On 28/03/17 08:23, Peter Gutmann via dev-security-policy wrote:
Martin Heaps via dev-security-policy
This topic is frustrating in that there seems to be a wide attempt by people
to use one form of authentication (DV TLS) to verify another form of
authentication (EV TLS).
The overall problem is that browser vendors have decreed that you can't have
encryption unless you have a certificate, i.e. a CA-supplied magic token to
turn the crypto on. Let's Encrypt was an attempt to kludge around this by
giving everyone one of these magic tokens. Like a lot of other kludges, it
had negative consequences...
It's not a kludge, though. Let's Encrypt is not (merely) a workaround
for the fact that self-signed certificates are basically considered
worthless. If it were, it wouldn't meet BR rules. Let's Encrypt actively
performs validation of domains, and in that respect is as legitimate as
any other DV CA.
We actually have *five* levels of trust here:
2. HTTPS with no validation (self-signed or anonymous ciphersuite)
3. HTTPS with DV
4. HTTPS with OV
5. HTTPS with EV
These are technically objective levels of trust (mostly). There is also
a technically subjective tangential attribute:
a. Is not a phishing or malicious site.
Let's Encrypt aims to obsolete levels 1 and 2 by making 3 ubiquitously
The problem is that browser vendors have historically treated trust as
binary, confounding (3), (4), and (a), mostly because the ecosystem at
the time made it hard to get (3) without meeting (a). They also
inexplicably treated (2) as worse than (1), which is of course nonsense,
but I guess was driven by some sort of backwards thinking that "if you
have security at all, you'd better have good security" (or,
equivalently: "normal people don't need security, and a mediocre attempt
at security implies Bad Evil Things Are Happening").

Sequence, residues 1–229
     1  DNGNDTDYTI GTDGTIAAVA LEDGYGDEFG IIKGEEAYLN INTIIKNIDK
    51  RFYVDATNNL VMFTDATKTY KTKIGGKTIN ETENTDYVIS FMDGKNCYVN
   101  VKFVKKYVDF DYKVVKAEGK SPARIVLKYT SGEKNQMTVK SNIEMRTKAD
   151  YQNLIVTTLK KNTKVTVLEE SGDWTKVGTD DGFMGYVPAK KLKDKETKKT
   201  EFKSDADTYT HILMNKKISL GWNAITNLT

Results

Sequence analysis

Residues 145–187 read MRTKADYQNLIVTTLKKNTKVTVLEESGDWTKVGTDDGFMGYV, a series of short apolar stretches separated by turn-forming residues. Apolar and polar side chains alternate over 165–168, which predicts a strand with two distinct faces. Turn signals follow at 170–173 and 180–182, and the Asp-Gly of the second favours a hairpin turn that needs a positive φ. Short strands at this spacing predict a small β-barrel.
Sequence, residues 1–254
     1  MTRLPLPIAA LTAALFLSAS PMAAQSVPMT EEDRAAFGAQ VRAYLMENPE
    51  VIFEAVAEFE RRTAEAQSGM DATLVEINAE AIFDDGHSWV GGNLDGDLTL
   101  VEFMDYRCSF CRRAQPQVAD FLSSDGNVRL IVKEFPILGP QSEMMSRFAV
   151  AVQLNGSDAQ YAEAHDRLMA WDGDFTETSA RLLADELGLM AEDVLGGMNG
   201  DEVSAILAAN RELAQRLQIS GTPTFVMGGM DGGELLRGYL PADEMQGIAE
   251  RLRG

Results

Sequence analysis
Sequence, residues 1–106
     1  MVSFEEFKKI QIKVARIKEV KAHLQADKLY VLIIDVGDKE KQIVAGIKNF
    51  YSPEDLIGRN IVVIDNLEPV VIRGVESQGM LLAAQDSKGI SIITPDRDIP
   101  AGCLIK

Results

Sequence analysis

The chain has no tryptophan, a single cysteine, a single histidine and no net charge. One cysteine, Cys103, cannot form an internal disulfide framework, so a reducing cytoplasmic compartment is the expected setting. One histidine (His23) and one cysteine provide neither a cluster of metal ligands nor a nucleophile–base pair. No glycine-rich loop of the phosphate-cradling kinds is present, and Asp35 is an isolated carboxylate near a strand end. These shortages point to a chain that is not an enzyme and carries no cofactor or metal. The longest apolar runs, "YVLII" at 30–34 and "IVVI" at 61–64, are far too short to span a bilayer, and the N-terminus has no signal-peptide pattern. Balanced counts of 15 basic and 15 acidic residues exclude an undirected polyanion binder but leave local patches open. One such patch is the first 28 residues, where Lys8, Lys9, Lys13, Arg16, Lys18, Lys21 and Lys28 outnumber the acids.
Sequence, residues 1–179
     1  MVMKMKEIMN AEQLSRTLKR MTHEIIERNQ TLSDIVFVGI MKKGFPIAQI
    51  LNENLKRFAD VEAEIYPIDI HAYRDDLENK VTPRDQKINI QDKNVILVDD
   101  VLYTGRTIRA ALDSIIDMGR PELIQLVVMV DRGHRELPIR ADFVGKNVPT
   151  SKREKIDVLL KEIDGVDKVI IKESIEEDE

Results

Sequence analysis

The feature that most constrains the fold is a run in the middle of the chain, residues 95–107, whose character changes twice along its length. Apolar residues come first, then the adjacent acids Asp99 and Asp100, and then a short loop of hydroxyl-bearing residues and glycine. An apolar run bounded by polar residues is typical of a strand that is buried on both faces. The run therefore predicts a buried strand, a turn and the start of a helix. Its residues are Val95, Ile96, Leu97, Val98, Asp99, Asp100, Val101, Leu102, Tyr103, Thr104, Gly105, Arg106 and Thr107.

With time, certificates have become more accessible, everyone has come
to agree that we all need security, and with that, that thinking has
become obsolete. Getting a DV cert for a phishing site was by no means
hard before Let's Encrypt. Now that Let's Encrypt is here, it's trivial.
So it's now being actively exploited... how could anyone *not* see this
coming? How can anyone actually be surprised that this is now happening? As
the late Bob Jueneman once said on the PKIX list (over a different PKI-related
topic), "it's like watching a train wreck in slow motion, one freeze-frame at
a time". It's pre-ordained what's going to happen, the most you can do is
artificially delay its arrival.
And this question should be directed at browser vendors. After years of
mistakenly educating users that "green lock = good, safe, secure,
awesome, please type in all your passwords", how could they *not* see
The end nessecity is that the general public need to be educated [...]
Quoting Vesselin Bontchev, "if user education was going to work, it would have
worked by now". And that was a decade ago.
This is strictly a presentation layer problem. We *know* what the
various trust levels mean. We need to present them in a way that is
*useful* to users.
Obvious answer? Make (1)-(2) big scary red, (3) neutral, (4) green, (5)
full EV banner. (a) still correlates reasonably well with (4) and (5).
HTTPS is no longer optional. All those phishing sites get a neutral URL
bar. We've already educated users that their bank needs a green lock in
dev-security-policy mailing list